Teenage Fansub
Jan 28, 2006



Then it was the four Legion's Quest parts, not understanding anything and not actually following it up into AoA.
That might've been first, actually.

e: And then after the Death of Superman trade and a Venom collection that might've been Lethal Protector, abandoning comics for almost 15 years 'till hearing about the Sinestro Corpse War.

Teenage Fansub fucked around with this message at Mar 2, 2018 around 19:33

JordanKai
Aug 19, 2011


Outside of eurocomics like Lucky Luke, Tintin and Asterix & Obelix, my first comic book was an issue of the 2003 Sentinel comic. I bought it because the local bowling alley had a Marvel vs. Capcom 2 arcade cabinet at the time and Sentinel was my favourite character in that game.

Lurdiak
Feb 25, 2006

I do not like to see you post.


Wheat Loaf
Feb 13, 2012

Fancy.


My first comic was probably a random issue of the Beano.

The first distinct comic I remember getting:



The first superhero comic I got was probably a DCAU tie-in but the first proper one was:

Random Stranger
Nov 27, 2009



First comics?



I was damned right from the start.

Escobarbarian
Jun 18, 2004

an idol an idol an idol an idol an idol an idol an idol an idol an idol an idol an idol an idol an idol an idol an idol an idol an idol an idol



First actual comic was, as with the previous poster, an issue of The Beano or maybe The Dandy

First proper issue of a comic was Identity Crisis #1

Retro Futurist
Aug 8, 2007

Yesterday's Tomorrow,
Today!


I think the first comic I remember owning was one of the Archie Ninja Turtles ones. Funny enough I didnít really get big into comics until I was in my 20s

Jedi
Feb 27, 2002




First comic I ever read was a reprint of Uncanny X-Men 141-142 - Days of Future Past. First comic I ever bought was either Uncanny X-Men 263 or 264 - it's Forge and Jean Grey with tentacles in the Morlock Tunnels.

END ME SCOOB
Mar 27, 2007

do it DOG wrap it up already are you asleep

would you do it for a scooby snack

finisH ME LIKE ONE OF YOUR FUCKING SANDWI
CHES ALREADY YOU SHIT I CAN'T TAKE IT ANYMORE

The first comic I can recall reading was a Bloom County or Doonesbury collection from the library as a kid. The first I bought would have been somewhere in the middle of the Clone Saga/Scarlet Spider era, and I will always remember that it was loving baffling to me as a nerd-adjacent kid reading through and discovering Doc Ock was a lady now, and the daughter of Ben's mentor, whose brain was trapped in VR, and...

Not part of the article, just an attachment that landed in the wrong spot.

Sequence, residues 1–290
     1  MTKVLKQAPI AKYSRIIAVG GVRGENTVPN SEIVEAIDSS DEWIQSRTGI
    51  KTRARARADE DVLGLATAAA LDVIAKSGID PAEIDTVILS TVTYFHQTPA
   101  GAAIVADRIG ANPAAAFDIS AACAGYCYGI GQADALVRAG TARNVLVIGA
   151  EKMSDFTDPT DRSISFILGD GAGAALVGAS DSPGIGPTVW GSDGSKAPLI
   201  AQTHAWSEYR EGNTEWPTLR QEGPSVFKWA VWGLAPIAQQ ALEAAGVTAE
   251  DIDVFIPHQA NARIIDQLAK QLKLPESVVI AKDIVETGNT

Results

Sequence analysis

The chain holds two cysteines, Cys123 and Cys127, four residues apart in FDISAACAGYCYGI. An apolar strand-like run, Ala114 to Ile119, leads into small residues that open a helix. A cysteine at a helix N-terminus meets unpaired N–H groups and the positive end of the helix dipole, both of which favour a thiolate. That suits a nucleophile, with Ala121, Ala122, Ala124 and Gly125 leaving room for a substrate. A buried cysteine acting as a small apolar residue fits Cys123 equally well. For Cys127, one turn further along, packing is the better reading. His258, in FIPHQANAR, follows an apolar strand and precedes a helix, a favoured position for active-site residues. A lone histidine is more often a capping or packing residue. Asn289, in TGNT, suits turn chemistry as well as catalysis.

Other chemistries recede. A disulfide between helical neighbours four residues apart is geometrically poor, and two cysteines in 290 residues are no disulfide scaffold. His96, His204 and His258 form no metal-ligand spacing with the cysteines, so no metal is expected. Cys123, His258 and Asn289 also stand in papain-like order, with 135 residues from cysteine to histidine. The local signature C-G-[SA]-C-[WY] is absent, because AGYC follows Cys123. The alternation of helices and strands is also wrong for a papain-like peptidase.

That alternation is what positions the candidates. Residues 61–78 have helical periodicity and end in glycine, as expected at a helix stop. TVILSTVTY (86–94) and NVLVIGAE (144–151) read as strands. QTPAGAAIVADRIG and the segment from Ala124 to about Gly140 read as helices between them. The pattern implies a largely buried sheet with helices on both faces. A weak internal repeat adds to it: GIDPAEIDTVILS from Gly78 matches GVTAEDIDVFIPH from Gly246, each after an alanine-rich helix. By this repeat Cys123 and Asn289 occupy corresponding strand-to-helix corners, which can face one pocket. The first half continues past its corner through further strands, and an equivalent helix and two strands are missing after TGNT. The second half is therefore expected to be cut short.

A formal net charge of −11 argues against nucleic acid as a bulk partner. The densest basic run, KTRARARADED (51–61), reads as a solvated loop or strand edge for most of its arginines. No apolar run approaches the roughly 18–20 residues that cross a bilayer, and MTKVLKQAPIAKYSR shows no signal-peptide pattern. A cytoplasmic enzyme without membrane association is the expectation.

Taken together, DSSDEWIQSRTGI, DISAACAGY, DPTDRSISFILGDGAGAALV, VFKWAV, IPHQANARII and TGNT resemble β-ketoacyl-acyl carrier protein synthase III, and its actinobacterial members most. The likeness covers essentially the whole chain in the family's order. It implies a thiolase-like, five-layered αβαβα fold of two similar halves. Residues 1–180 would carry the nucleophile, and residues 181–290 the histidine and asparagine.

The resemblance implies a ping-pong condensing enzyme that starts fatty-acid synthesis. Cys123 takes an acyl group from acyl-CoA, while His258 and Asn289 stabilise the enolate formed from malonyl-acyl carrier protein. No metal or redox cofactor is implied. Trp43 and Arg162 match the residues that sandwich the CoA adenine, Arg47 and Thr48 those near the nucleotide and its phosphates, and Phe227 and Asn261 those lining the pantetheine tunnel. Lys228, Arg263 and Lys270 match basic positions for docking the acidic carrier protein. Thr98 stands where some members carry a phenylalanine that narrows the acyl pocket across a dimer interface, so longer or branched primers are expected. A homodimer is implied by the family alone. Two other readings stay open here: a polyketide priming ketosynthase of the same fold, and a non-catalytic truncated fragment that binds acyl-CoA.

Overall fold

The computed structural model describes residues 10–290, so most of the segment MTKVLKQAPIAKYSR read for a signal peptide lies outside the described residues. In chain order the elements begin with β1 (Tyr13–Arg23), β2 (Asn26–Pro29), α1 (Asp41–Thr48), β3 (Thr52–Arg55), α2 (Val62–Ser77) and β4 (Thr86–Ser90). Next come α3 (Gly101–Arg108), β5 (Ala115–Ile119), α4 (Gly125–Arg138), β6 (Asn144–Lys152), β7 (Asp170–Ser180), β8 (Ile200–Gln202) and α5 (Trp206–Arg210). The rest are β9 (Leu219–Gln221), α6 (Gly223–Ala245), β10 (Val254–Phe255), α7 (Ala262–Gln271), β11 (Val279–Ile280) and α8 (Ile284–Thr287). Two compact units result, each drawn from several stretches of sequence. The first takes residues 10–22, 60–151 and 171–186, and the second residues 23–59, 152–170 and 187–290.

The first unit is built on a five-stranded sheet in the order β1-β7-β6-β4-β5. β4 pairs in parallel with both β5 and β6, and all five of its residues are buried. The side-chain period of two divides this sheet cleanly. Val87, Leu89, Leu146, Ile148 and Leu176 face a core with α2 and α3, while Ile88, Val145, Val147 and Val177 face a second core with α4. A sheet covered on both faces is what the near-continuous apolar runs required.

I didn't go back until someone showed me these hot new "Milestone" comics that were becoming real cheap in back issue bins and I've been insufferable ever since.

Skwirl
May 13, 2007

No you're wrong

My parents would get me trades, especially before a long flight, just whatever was at the airport bookstore. I remember getting The Return of Superman (the books after his funeral up through him coming back with a mullet) and a collection of Spider-Man's early fights with Hobgoblin before his identity was revealed and then retconned a bunch.

First floppy was probably Captain America fights the Asthma Monster that I got for free at Asthma camp (just like regular camp, except in addition to a counselor every cabin had an RN and our name tags had a list of allergies on the back).

First floppy I chose for myself was two issues of Spider-Man off an airport rack, it was a two parter with cool covers. He fights Scorpion in a sewer, first cover is Scorpion standing triumphant over Spidey, second is the opposite. Also features a "mystery figure" in the b story that turns out to be none other than Ben Reilly.

I read most of the clone saga from the very beginning, and because it was the comic boom and I was a kid who couldn't be trusted to not damage the comics my dad bought 2 of most every issue, 1 for me to read and one to sell at a later date to finance college. If he'd put that money in an IRA he could probably have retired by now.

Escobarbarian
Jun 18, 2004

an idol an idol an idol an idol an idol an idol an idol an idol an idol an idol an idol an idol an idol an idol an idol an idol an idol an idol



https://twitter.com/bown/status/969892963181584385?s=21

I am too proud of myself

Senior Woodchuck
Aug 29, 2006

When you're lost out there and you're all alone, a light is waiting to carry you home


Gavok posted:

That comic about Spider-Man, Storm and Luke Cage fighting a villain named Smokescreen. It was a free comic that they would pass out in health class every year or so.


Hah! My elementary school counselor had that one in her office.

My first comics, though, were an issue of ALF and one of Gladstone's Disney reprint series. My mom got them for me while I was in the hospital. Thanks, Mom!

Samuringa
Mar 27, 2017


Everyone in Brazil was raised with Monica's Gang comics, and I pretty much learned to read from them - and later read them for my little sister.